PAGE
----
As we work with colleagues in finance, legal, and compliance to manage the more tactical pieces in the shift to hybrid work, we also have to focus on promoting an inclusive culture that values our employees as people—not just as performers. And we have to be deliberate about it.  

Are you still asking employees to share something positive from their week, or making it a point to ask how they’re doing? If these check-ins that were common at the beginning of the pandemic have lapsed, this is the time to bring them back. 

Erica Keswin
Erica Keswin, workplace strategist and best-selling author

Erica Keswin, workplace strategist and best-selling author joined us for a session of Redesigning the Future of Work recently and shared how rituals and routines can provide psychological safety, particularly as dates shift and we still lack certainty around next steps. She urged HR leaders to identify or introduce rituals at each phase of the employee experience and always connect them back to your organization’s values.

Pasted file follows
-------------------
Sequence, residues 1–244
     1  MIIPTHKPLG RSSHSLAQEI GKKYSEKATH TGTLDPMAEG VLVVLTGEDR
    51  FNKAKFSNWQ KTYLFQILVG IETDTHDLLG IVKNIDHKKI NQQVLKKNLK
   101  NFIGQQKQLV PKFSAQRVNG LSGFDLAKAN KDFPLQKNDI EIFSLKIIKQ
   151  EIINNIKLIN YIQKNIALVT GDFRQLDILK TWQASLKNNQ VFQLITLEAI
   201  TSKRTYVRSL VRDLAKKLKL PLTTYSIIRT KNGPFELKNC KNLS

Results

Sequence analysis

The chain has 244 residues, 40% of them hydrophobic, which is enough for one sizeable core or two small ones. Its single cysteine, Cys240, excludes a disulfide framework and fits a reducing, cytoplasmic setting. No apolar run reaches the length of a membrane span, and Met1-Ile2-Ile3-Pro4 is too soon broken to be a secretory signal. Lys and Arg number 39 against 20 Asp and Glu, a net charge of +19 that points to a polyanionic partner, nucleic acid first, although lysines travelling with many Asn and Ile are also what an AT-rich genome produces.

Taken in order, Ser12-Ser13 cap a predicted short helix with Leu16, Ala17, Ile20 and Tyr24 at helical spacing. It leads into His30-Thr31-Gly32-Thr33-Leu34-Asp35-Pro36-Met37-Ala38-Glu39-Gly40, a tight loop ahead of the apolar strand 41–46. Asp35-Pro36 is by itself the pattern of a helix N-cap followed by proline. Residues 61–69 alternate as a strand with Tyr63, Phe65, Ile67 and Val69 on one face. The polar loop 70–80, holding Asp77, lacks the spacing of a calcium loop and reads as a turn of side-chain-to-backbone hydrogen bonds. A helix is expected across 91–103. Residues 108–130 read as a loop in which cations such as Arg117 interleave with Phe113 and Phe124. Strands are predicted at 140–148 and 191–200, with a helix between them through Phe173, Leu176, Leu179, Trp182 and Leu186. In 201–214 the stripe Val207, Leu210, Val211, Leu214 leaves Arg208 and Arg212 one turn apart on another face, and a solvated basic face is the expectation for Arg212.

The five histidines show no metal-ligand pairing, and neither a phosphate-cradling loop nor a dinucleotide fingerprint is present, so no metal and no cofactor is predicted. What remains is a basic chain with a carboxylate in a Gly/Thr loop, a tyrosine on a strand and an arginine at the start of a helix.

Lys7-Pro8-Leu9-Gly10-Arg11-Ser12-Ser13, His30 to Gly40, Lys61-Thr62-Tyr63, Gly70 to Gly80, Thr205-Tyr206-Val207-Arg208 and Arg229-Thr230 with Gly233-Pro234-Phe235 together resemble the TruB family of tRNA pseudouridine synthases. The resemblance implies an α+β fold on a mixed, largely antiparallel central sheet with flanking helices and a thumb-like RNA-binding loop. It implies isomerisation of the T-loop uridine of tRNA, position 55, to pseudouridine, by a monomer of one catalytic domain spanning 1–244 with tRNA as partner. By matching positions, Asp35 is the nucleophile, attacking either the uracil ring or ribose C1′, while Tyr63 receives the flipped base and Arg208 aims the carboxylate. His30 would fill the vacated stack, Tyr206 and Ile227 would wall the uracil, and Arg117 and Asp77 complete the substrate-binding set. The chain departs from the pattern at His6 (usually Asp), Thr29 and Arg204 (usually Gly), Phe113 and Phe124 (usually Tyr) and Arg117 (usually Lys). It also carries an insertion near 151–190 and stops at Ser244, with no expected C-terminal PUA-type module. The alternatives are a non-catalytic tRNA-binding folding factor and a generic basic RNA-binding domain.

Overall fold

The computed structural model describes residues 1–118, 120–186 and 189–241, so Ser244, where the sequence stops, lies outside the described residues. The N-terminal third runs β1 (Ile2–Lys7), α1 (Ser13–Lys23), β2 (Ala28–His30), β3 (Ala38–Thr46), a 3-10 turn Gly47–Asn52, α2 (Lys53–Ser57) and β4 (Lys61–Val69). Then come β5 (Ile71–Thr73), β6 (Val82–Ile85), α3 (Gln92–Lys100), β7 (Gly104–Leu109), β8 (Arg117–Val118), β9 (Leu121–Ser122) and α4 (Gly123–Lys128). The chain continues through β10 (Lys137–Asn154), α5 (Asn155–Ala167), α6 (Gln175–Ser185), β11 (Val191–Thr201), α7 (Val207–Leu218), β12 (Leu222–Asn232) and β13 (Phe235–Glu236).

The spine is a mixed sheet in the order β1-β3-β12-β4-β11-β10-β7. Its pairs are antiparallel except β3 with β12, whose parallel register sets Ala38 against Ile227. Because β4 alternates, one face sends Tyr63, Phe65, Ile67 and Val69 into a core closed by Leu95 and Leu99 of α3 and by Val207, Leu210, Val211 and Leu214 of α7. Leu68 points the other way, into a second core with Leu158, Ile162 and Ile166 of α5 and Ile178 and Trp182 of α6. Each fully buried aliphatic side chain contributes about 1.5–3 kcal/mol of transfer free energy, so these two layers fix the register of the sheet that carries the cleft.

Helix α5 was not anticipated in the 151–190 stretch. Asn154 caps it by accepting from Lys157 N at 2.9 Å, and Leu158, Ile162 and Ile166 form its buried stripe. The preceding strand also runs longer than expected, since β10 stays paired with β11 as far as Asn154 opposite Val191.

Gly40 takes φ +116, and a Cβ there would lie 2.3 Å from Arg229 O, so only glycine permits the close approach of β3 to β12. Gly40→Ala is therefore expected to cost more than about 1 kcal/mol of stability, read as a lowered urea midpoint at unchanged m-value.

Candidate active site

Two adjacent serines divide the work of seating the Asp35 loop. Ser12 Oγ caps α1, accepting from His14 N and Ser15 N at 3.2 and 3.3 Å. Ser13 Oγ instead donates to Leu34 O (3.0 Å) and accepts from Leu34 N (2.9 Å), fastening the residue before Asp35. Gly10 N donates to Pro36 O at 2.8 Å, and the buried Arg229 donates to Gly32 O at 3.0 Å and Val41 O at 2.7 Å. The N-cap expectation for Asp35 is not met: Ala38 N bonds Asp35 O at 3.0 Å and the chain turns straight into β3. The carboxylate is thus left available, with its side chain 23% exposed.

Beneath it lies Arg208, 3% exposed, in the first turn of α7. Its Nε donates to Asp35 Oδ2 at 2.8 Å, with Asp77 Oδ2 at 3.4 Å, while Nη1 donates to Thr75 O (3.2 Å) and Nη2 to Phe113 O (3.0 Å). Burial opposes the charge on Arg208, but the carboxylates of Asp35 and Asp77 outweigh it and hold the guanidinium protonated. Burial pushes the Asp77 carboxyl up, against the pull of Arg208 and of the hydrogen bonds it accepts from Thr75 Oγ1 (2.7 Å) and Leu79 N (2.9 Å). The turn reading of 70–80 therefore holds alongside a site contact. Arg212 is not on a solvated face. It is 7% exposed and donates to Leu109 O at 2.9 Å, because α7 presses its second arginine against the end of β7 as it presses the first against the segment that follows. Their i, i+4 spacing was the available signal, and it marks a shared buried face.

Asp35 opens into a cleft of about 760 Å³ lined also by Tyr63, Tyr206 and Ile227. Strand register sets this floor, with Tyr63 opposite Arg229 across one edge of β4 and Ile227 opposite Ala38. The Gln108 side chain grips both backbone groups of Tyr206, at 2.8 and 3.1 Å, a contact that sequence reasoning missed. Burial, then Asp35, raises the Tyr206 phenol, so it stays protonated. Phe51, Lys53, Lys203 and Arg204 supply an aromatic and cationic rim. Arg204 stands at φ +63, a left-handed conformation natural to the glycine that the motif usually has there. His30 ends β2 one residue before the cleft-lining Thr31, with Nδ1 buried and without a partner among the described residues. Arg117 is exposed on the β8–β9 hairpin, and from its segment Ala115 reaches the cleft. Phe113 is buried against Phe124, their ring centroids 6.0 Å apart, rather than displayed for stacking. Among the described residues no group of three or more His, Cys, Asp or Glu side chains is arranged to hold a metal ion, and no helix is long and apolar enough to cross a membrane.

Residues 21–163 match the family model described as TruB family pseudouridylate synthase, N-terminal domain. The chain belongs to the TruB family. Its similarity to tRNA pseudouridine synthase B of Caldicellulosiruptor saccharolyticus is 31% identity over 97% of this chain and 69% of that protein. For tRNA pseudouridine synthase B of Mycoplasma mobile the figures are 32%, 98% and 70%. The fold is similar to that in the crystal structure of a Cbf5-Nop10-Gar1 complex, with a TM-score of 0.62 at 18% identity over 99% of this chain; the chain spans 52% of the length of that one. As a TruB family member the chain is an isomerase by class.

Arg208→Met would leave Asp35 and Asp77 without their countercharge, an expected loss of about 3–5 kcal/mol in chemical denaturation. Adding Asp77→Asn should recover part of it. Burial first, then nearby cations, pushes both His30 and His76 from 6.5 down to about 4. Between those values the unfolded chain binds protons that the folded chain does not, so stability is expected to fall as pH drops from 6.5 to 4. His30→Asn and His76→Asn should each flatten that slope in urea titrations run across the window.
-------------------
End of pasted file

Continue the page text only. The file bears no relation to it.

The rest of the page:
“Think about these rituals through the lens of being inclusive,” Erica says. “Rituals can bring us together and rituals can also celebrate us.”

Be deliberate in establishing new rituals. Check-in to see how your teams have accepted the new routines that emerged over the last 20 months and how the routines have contributed to your culture. Look at everything from opening meetings with good news, to new channels on Slack, monthly social hours, and 1:1 meeting structures. 

We’re all craving stability. We all want to begin our next phase of work. We all want the pandemic behind us. But let’s not hold our collective breath. Let’s re-focus on our values and our goals and do everything we can today to reinforce them.